Antalya is the tourist center of the Turkish Riviera, which is Turkey's tourism capital. Given this, the boys had been a little concerned about what it would be like: too gaudy and overdeveloped? Too Germanized (see why in the Place of the Day)? However, they were very pleasantly surprised. Perhaps this is because they are visiting during the low season (and after a harsh winter made worse by the threat of war in Iraq), and thus there are very few tourists. Perhaps the city sparkles in a way that allows it to rise above its tourist importance. Perhaps it's a combination of both elements . . . and others. Whatever the case, Antalya was a comfortable and enjoyable place, and worthy of an extra day of rest. (Unfortunately, no luck was had contacting schools and so no information was formally exchanged with local youth.)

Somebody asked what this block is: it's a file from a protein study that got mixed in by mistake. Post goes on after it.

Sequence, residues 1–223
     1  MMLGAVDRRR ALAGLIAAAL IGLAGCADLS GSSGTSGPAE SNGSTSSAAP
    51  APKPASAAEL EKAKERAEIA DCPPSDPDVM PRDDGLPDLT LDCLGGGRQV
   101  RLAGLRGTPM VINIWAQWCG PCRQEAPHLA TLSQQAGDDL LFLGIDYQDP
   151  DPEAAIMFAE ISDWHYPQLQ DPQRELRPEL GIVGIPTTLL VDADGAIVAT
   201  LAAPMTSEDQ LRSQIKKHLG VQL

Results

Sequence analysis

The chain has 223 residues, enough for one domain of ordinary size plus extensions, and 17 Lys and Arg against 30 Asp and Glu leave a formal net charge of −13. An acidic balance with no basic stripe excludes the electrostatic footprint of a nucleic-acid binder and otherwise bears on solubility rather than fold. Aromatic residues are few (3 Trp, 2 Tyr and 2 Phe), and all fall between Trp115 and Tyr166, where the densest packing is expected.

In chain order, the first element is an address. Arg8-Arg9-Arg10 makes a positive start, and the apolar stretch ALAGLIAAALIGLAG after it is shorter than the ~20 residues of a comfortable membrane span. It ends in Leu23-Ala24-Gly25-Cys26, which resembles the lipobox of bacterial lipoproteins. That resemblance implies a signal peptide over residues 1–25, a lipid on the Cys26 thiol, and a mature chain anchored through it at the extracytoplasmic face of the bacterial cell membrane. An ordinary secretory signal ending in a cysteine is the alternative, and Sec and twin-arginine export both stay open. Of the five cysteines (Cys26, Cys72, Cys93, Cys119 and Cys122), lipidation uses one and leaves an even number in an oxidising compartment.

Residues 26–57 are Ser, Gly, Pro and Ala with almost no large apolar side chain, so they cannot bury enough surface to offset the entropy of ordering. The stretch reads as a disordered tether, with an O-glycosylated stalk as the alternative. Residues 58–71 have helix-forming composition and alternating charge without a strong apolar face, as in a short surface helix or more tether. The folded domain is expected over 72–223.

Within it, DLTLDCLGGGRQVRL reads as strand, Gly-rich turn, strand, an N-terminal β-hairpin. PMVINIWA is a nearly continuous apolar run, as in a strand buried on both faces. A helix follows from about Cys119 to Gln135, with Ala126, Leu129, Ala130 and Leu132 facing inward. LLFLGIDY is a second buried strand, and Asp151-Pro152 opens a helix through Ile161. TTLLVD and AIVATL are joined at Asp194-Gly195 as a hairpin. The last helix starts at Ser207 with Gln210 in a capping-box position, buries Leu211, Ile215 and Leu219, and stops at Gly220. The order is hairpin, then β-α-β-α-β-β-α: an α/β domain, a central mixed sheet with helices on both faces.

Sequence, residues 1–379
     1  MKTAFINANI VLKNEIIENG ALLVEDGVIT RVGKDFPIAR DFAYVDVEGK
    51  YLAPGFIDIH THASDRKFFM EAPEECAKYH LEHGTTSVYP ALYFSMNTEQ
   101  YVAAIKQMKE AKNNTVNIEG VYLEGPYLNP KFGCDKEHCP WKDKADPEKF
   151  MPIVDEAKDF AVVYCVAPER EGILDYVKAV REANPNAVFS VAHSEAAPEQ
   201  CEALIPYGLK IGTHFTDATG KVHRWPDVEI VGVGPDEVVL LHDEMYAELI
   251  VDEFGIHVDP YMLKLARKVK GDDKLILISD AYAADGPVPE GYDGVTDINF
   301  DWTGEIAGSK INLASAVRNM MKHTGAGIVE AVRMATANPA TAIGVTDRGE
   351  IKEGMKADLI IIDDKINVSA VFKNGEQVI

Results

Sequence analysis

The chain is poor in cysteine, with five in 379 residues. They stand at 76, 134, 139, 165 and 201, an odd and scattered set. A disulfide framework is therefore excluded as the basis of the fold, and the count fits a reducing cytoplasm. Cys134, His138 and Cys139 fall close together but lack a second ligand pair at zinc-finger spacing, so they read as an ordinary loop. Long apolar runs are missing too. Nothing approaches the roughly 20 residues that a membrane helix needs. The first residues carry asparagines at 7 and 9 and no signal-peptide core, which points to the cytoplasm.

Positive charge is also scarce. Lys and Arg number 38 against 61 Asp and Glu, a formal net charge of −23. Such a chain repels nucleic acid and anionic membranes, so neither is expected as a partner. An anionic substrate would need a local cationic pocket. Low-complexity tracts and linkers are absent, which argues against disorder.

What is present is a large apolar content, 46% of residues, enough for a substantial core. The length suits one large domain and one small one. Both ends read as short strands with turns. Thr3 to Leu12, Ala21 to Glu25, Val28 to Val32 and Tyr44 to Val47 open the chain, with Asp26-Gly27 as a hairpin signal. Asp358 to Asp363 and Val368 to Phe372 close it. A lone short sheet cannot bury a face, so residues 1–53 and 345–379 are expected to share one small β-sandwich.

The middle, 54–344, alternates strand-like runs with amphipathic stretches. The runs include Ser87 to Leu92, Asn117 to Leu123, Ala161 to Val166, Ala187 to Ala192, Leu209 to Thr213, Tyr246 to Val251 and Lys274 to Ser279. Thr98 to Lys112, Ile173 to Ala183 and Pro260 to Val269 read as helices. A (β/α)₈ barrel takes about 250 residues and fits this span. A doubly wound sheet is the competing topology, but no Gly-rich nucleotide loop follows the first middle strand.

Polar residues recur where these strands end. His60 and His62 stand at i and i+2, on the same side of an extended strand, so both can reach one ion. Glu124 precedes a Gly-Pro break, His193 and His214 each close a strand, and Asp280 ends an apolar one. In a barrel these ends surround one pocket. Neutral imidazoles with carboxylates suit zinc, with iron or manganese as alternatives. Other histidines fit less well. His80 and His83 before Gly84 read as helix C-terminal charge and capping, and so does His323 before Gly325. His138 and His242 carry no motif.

Antalya was founded in the second century BC by Attalus II, a king of Pergamum, who named the city Atteleia after himself. Since then, it has been continuously occupied by the Romans, Byzantines, Seljuks, and the Ottomans. Its attractive location and value as a great bay and anchorage helped it maintain its position. After World War I, Antalya was given to the Italians, who occupied it until 1921 when Kemal Atatürk took it back. There are many monuments to this long and mixed history built into the modern city of the 20th century.
The harmony that exists between the remnants of the city's past and the structure of its present is quite pleasing, and, after a morning spent in front of their computers, Ethan, Anthony, and Padraic hit the streets to soak in as much as possible.